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Imperfect foods.

Imperfect foods. A trip through most grocery stores will have you believing there’s no such thing. Every carrot, potato, cucumber and tomato we see, looks perfect. They’re all uniform, large, and full of color. Foods from our gardens though, don’t always come out as “perfect” as the ones we see in the stores. Does that make them bad, or do we cut off the “bad” parts and eat them? Today, we’re going to talk about those imperfect foods and how in reality, they’re as perfect as they come.

There’s nothing wrong with the carrot in this picture. We’ll wash it, trim it and peel it. We might slice and fry it, or maybe we’ll leave it whole and dip it in dressing. It would be amazing steamed and served with some of the pig we bought at the fair. Slow cooked all day with a roast in a crockpot, that might be the winner though.

Sometimes our tomatoes grow too fast, causing them to split. If we don’t catch them in time, those splits might even heal. A tomato like this would never make it to the store. Not only does it have a split, it’s small. Some people might even toss it from their garden. This one from our garden is going to be diced up and added to an omelet, made with eggs from our own chickens.

Pickle spears always seem to be that perfect size. They’re never as small as this cucumber. This one also has a weird end on it. That weird end, along with the rest of the cucumber, is going to be great sliced with salt and pepper on it. That’s if someone else here doesn’t beat me to it with their ranch dressing.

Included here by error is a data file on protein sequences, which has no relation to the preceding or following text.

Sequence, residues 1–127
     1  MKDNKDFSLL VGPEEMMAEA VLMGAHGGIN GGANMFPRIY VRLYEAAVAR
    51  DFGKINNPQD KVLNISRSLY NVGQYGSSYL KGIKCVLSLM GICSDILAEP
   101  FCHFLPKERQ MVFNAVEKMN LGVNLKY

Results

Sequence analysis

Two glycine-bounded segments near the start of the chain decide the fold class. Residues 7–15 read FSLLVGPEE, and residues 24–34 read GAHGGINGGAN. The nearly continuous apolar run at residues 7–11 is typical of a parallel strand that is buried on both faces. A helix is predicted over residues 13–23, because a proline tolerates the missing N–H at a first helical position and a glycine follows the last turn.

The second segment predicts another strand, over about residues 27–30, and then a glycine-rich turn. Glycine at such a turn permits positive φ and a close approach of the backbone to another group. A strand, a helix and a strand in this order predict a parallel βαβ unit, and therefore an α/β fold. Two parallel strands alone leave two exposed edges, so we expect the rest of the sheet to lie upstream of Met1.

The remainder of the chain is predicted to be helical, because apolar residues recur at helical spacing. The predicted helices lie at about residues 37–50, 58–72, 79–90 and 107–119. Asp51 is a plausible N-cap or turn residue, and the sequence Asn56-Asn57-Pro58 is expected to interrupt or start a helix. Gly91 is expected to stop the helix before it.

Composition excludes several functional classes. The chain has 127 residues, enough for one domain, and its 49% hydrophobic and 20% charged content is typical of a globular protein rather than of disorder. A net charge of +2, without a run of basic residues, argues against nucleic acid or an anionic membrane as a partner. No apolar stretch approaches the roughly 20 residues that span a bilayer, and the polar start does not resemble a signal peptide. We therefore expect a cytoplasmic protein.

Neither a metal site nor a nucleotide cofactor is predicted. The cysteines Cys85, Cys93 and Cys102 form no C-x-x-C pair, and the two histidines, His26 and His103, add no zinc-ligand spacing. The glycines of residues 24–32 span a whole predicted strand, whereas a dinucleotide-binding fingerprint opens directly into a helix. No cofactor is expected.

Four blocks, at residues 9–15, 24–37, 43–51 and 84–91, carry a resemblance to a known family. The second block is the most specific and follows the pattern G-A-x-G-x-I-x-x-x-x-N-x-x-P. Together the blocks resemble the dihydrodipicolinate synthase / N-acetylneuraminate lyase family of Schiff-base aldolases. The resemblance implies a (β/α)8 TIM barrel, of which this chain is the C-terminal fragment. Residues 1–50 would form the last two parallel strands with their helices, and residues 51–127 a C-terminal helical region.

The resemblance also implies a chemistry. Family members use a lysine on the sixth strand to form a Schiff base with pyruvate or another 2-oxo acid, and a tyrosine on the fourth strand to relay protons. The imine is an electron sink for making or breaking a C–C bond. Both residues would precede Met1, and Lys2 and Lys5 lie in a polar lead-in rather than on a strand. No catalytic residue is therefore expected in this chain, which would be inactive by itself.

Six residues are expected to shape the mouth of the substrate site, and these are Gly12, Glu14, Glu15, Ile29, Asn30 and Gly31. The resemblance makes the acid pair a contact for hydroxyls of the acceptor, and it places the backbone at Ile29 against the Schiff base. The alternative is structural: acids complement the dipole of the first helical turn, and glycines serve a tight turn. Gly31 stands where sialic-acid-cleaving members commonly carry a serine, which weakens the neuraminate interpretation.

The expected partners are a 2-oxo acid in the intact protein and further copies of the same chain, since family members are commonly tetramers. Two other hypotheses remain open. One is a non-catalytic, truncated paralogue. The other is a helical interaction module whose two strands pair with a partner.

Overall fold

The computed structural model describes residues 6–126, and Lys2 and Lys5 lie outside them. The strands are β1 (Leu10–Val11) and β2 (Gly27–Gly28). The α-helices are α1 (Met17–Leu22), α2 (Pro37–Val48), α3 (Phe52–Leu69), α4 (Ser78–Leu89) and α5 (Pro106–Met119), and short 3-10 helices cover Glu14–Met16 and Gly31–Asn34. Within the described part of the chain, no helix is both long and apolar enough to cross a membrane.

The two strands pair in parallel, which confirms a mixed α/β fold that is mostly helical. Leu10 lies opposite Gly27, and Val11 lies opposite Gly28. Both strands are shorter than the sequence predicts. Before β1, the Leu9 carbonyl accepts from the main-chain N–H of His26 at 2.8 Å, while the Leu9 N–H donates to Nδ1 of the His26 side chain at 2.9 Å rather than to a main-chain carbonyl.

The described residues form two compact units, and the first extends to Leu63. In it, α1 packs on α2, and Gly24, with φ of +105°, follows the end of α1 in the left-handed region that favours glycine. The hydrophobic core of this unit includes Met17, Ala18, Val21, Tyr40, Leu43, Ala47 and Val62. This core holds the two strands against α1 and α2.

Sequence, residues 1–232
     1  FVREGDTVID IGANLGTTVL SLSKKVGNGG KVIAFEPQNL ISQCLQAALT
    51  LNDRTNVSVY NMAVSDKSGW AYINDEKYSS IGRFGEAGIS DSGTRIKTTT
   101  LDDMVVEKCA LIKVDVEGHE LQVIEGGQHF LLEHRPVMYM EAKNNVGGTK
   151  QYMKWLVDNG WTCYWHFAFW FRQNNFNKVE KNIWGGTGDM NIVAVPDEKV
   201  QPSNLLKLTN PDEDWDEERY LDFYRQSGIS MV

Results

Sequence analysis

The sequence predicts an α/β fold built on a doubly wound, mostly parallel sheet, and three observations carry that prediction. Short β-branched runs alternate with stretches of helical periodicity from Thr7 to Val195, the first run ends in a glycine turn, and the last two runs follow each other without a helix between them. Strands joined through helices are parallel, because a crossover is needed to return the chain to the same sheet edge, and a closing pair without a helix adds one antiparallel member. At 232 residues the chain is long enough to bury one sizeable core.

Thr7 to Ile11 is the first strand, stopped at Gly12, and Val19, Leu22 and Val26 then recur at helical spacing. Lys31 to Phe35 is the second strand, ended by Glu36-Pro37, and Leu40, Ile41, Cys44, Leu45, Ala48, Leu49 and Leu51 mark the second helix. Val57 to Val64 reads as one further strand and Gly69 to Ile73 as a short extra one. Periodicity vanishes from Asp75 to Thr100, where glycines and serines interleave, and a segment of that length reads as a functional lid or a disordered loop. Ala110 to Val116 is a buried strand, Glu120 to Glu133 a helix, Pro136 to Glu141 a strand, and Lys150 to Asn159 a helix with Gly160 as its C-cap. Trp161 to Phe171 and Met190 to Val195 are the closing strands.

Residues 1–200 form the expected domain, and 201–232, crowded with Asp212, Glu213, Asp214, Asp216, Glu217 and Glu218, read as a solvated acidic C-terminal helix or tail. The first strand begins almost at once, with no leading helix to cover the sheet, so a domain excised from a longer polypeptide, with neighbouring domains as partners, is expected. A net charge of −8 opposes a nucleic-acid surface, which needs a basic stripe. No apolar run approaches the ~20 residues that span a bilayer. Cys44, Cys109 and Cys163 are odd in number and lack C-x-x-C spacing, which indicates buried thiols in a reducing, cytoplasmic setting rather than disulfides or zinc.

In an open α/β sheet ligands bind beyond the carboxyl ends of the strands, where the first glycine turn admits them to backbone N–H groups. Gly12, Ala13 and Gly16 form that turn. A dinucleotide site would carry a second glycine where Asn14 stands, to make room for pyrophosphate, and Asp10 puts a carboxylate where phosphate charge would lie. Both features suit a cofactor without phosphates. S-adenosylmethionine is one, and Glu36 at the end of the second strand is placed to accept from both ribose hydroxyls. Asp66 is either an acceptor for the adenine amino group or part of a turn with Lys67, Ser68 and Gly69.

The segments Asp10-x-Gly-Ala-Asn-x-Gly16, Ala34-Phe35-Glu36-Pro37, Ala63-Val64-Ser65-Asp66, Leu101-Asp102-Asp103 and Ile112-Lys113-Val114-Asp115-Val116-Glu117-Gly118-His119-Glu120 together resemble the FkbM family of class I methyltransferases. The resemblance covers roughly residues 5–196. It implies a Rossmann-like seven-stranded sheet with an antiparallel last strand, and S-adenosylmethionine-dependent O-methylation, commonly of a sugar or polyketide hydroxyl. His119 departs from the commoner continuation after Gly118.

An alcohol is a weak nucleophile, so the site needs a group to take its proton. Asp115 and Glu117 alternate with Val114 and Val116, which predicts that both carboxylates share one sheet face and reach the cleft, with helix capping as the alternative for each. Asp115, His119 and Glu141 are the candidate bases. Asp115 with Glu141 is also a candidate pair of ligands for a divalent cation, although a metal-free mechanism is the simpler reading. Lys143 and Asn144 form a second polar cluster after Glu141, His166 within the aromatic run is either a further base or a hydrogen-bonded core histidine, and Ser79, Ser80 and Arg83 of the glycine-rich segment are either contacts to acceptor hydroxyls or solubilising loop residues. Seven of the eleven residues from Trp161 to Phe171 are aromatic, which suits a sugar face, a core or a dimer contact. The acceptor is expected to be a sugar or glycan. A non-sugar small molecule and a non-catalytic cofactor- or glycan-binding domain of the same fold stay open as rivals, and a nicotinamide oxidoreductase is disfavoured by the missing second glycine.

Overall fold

There are so many different kinds of potatoes. In our garden, we grow both yellow and red potatoes. Here you can see a “normal” red potato and one with a little extra to it. Both will taste the same. I won’t even skin these. I could dice and add them to a soup or stew. Maybe mashed with garlic and butter would be a good use? Most likely though, we’ll wash, slice and fry these up for breakfast. They would be great with our omelet.

Our gardens are going to produce what stores would consider as imperfect foods. Some will be small. Some might have weird or different shapes. Others might have scars or be different in some other way. They’ll all be from our hard work though. From us keeping the weeds back, watering when it’s dry and spending time with our families tending to the garden. As homesteaders, we waste little. Even if you have a rotted vegetable in your garden, that can be put in your compost pile to make good dirt for next year.

Before you decide to toss that small tomato or weird potato into the compost pile or feed it to your critters, ask yourself it it’s going to taste any different. Try to think of a way you could use it. Once cut up and cooked, it’s hard to tell if something looked different in the beginning. Enjoy the results of your hard work and eat those perfect foods.

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